Taking the horizon from grey to green: China’s forest cities

Could we be seeing more green in our skies? (Photographer: Paul Joseph).

by Caterina Dassie

When thinking of China, many tend to recall the idea of the most polluted country on Earth, but will this last for long? Italian architect Stefano Boeri wants to change this common view, switching the color of the horizon from grey to green.

In 2014, Boeri completed the world’s first vertical forest skyscraper compound in Milan. Furthermore, inspired by the Italian prototype, the architect has recently made plans for an analogous project in the city of Nanjing, China. The different buildings will be made of 2,500 cascading plants and 23 different kinds of trees, among which there will not only be offices, but also a museum, a luxury hotel and an eco-friendly architecture school.

The structures are presently being built. In no more than a year we may see green backgrounds in Chinese news reports, or at least in Nanjing. The memory of children not able to go to school because of the pollution in the air may therefore be left behind.

Boeri’s plans do not stop here. Indeed, later this year he intends to begin the construction of a ‘forest city’, which will be ready by 2020. The green complex, or ‘skin graft’ as Boeri named it, will have between 100 or 200 different sizes of buildings. The Italian architect is determined to change the quality of living for one of the most powerful, but unfortunately polluted, nations of the world. However, he is well aware that some skyscrapers covered in cascading plants will definitely not be enough to defeat China’s pollution.

By measuring how much carbon dioxide the Bosco Verticale, Milan, has absorbed, Boeri hopes the one in Nanjing will both remove 25 tons each year and produce 60 kg of oxygen each day. This project aims to help China’s struggle with pollution by improving the quality of the air, removing the urban traffic dust, increasing the production of oxygen, and absorbing as much carbon dioxide as possible.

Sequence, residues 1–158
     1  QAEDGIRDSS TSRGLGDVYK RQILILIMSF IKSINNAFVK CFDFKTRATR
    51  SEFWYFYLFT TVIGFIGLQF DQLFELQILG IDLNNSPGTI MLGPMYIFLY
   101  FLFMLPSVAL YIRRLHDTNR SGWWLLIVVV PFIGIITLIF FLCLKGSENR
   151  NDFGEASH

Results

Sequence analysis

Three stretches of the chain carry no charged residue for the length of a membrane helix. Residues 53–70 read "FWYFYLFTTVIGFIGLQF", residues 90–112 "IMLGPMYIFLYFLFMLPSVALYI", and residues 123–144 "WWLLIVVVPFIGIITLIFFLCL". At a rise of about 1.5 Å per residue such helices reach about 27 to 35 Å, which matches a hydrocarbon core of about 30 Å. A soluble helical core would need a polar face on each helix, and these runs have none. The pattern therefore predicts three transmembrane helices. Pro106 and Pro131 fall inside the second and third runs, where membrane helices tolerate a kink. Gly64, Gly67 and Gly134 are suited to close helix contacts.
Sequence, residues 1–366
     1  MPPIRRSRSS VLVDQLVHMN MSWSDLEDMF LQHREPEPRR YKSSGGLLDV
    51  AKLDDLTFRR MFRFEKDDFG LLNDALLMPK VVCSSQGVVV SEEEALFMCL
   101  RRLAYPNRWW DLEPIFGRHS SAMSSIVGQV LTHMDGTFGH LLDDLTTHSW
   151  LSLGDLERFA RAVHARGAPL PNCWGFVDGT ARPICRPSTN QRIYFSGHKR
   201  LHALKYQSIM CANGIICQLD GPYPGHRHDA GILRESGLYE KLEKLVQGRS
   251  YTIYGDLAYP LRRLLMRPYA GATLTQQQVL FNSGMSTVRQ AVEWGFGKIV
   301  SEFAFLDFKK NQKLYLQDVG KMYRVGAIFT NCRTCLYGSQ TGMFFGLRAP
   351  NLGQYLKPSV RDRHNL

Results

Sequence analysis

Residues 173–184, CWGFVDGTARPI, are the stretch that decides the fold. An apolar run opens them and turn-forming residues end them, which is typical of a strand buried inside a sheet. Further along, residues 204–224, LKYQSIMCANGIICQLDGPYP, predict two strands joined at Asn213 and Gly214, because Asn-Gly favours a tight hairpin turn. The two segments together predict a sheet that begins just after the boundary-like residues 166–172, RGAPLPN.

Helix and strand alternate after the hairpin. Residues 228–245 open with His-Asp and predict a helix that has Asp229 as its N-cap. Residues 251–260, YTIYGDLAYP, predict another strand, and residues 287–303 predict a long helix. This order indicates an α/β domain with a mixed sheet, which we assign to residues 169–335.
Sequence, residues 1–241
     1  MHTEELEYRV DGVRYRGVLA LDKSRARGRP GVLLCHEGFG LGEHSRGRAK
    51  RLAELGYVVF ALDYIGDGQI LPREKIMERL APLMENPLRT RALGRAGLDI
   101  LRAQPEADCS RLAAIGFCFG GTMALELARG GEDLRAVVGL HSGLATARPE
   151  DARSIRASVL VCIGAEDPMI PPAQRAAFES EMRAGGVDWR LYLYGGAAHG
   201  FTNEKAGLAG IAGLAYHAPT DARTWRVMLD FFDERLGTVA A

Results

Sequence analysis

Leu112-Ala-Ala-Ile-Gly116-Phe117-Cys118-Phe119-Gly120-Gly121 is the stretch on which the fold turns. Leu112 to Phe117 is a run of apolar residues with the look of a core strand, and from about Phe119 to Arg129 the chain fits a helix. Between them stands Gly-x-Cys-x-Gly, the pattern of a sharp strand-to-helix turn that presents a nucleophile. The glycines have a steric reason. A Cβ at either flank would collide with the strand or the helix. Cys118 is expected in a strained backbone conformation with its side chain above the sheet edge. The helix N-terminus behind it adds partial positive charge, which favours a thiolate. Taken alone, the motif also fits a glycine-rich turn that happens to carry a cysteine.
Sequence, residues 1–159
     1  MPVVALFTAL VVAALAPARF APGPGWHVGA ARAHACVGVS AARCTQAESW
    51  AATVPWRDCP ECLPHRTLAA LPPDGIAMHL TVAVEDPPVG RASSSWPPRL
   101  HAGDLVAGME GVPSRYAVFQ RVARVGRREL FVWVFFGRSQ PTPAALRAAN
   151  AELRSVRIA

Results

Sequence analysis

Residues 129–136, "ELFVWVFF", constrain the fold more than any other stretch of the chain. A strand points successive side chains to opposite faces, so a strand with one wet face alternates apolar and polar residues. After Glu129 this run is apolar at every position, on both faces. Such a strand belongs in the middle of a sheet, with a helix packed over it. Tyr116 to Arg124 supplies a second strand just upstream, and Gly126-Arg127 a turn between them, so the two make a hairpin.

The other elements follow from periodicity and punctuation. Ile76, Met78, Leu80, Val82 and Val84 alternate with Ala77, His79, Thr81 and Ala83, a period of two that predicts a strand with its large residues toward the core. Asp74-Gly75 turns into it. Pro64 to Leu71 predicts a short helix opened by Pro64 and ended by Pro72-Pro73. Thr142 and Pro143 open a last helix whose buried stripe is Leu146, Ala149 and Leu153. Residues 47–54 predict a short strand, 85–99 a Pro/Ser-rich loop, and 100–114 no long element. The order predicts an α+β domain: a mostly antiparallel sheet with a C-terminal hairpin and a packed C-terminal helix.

In addition, diversity of trees and plants will produce more humidity, which will help the regulation of the temperature inside the building throughout the different seasons. Certainly, the way the vertical forest will be designed will help to save energy every year but will also provide a habitat for birds and insects pollinators, such as the endangered bees, which are seeking a more diversified environment.

Nanjing’s vertical forest will be the first in Asia, although other constructions following analogous concepts have already been built in the region. For example, Singapore’s Parkroyal on Pickering Boasts is made of over 15,000 square meters of terraces covered by gardens and waterfalls on the inside. But have those buildings the same purpose as Boeri’s projects? Have they just an environment purpose or are they just becoming a trend?

After the first vertical forest, in many luxury hotels around the world having similar ‘living walls’, on a smaller scale, is becoming more and more popular. An example is the Pershing Hall in the Champs-Elysees golden triangle, Paris, where there is a vertical garden made by botanist Patrick Blanc. Not to mention the Palace on Buckingham Palace Road in London, where The Rubens created a 10,000 plants ‘living wall’.

Whether vertical forests are being constructed out of fashion’s purposes or in order to defeat a pollution crisis, they are now becoming increasingly popular. As more and more ‘living walls’ will be built, the quality of life of both human and animal citizens will undoubtedly improve.

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